So did the Globe call anybody in to help? 

Nice to see that they said what they really think working next to you (ha-ha), huh? 

I wonder if the 5 a.m. phone call this week was funny.

Although Globe executives expect rapid improvement beginning Monday, they cautioned it could take as long as six weeks for service to return to normal everywhere.

We were told four to six months just a week ago. Must be a typo. 

And it was already "normal" before all this?

Doucette said the companies were taking steps to recruit more drivers and that they rolled out better routing technology in one of the most troubled distribution areas.

Yeah, it was all sh**ty computer software (sigh!!!!). 

You know, I should just be thankful I got a Globe at all. 

After all, it's a goddamn miracle!


What excuse is next, the GPS system supplied by Raytheon?

"Raytheon GPS upgrade project loses its way" by Hiawatha Bray Globe Staff  January 03, 2016

Raytheon Co. earned worldwide ridicule in October when its billion-dollar blimp protecting the skies over the nation’s capital broke loose, dragging thousands of feet of cable across the countryside before crashing in Pennsylvania.

Just floating that by you.

But another major project run by the Waltham giant defense contractor has also slipped its tether: a multibillion-dollar overhaul of the equipment that controls the nation’s Global Positioning System or GPS. The Next Generation Operational Control System, or OCX, is designed to work with new GPS satellites that are scheduled to be launched beginning in 2017.

OCX was supposed to be completed in 2016 and cost no more than $1.5 billion. Instead it’s years behind schedule and much more expensive; the Air Force now expects OCX won’t be completed until 2022 and could cost as much as $5.6 billion, according to the Reuters news service.

So what black hole didn't that money disappear down?

The Air Force and Raytheon each declined to comment in detail. But military analysts and the US Government Accountability Office say both Raytheon and the Pentagon dramatically underestimated the difficulty of creating a more sophisticated and secure ground control system.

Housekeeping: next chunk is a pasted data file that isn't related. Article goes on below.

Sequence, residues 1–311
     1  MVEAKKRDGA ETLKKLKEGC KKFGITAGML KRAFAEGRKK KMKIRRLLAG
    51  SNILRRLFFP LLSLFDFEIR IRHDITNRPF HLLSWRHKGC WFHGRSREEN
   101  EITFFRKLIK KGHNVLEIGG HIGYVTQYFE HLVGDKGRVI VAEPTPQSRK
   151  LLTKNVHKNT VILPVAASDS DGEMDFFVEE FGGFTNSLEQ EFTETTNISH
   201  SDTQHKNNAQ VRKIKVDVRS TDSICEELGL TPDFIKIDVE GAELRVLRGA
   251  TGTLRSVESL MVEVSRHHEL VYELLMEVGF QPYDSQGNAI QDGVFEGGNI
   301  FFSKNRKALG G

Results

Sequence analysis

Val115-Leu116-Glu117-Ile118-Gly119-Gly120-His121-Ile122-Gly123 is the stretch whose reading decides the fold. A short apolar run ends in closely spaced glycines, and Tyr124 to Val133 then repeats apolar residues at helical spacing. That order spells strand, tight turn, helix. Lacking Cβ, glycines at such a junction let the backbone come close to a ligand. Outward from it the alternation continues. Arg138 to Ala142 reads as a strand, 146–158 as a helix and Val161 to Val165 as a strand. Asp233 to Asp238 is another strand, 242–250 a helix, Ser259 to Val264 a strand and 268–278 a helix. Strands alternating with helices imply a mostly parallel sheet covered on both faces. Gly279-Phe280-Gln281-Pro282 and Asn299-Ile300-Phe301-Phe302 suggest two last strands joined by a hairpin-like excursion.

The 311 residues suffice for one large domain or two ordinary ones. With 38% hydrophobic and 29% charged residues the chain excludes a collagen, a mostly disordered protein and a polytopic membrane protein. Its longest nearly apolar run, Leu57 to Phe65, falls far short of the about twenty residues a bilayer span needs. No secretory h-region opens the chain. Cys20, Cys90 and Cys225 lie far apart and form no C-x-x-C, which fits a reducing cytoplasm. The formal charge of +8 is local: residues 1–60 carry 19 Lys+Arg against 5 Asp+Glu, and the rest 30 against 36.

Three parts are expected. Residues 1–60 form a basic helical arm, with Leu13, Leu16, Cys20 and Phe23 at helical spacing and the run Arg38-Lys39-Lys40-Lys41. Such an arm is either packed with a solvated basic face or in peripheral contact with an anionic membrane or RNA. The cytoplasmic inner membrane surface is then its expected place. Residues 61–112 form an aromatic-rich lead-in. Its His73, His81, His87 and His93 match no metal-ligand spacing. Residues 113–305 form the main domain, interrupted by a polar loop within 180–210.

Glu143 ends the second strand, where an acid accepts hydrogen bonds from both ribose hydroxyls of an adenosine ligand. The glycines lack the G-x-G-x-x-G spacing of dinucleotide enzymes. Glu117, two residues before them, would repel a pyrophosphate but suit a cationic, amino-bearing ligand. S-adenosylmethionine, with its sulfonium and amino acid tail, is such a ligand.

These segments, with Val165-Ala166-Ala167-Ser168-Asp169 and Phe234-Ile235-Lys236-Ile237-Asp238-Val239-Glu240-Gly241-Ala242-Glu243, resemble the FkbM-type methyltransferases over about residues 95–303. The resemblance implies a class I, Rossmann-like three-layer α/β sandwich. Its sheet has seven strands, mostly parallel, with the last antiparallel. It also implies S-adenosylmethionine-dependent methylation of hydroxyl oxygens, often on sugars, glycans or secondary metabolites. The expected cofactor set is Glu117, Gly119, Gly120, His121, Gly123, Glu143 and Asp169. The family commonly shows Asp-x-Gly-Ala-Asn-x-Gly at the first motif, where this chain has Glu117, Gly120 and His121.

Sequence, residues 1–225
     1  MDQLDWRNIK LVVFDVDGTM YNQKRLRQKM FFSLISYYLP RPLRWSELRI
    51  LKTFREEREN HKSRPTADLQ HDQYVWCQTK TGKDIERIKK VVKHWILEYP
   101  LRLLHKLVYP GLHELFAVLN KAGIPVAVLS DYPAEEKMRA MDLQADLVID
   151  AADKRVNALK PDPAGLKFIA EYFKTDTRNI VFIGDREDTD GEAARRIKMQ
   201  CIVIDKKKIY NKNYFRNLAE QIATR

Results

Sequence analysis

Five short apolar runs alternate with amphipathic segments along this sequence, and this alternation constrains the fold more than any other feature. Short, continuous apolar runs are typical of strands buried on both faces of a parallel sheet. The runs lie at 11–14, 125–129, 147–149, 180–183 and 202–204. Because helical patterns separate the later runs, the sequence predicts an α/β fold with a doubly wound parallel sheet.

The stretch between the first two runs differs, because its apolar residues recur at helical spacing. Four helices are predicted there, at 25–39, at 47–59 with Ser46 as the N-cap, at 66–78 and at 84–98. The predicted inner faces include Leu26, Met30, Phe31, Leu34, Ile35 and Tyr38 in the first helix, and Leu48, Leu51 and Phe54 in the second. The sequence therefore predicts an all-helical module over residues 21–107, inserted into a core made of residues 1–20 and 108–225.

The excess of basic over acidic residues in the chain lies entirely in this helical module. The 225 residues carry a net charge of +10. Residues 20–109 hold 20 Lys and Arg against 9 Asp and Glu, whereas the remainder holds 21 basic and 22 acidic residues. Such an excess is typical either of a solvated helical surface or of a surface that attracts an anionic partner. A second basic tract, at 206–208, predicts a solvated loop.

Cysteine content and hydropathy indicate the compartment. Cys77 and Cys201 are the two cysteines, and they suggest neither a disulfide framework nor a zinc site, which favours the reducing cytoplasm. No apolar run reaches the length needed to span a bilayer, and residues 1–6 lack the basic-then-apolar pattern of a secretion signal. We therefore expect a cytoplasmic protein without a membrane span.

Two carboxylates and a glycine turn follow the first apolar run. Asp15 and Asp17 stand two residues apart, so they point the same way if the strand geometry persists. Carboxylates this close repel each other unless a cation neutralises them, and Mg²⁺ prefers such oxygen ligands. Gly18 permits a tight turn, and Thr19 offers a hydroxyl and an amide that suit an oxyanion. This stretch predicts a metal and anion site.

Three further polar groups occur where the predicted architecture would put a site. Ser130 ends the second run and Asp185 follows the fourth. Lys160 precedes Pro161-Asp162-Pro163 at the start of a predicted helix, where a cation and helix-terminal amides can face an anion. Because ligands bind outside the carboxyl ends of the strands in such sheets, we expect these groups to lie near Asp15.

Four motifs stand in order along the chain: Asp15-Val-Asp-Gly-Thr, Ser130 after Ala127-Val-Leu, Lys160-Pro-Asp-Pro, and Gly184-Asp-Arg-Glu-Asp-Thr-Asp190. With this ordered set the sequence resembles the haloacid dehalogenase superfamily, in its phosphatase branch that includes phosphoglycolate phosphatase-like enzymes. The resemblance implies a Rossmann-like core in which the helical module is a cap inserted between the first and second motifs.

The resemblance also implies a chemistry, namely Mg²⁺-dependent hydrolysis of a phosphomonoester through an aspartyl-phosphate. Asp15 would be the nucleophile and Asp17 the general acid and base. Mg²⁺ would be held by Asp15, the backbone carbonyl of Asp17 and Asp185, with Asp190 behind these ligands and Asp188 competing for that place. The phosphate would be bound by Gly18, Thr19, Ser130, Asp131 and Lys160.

Indeed, a year ago, when the overruns surfaced as an issue, Raytheon chief executive Thomas Kennedy pointed to the sheer complexity of the GPS upgrade, noting “it is revolutionary relative to adding information capability to a very large ground station for the GPS system. We have been working with the Air Force on that program. We believe that we have turned a corner on that program moving forward,” Kennedy told stock analysts in a conference call in January 2015.

But since then it doesn’t appear the situation has improved — at least to the Pentagon’s satisfaction.

“The OCX program is a disaster, just a disaster, and it’s embarrassing to have to stand in front of people and try to defend it, so I won’t,” General John Hyten, commander of Air Force Space Command, said at an event in Washington last month, according to Reuters.

I hope the corruption was worth it, American taxpayers. 

This from a government that has looted the social service programs with which it was entrusted and seems to exist only to further corporate power and the Israel war agenda (complete with lavish, publicly-financed lifestyle).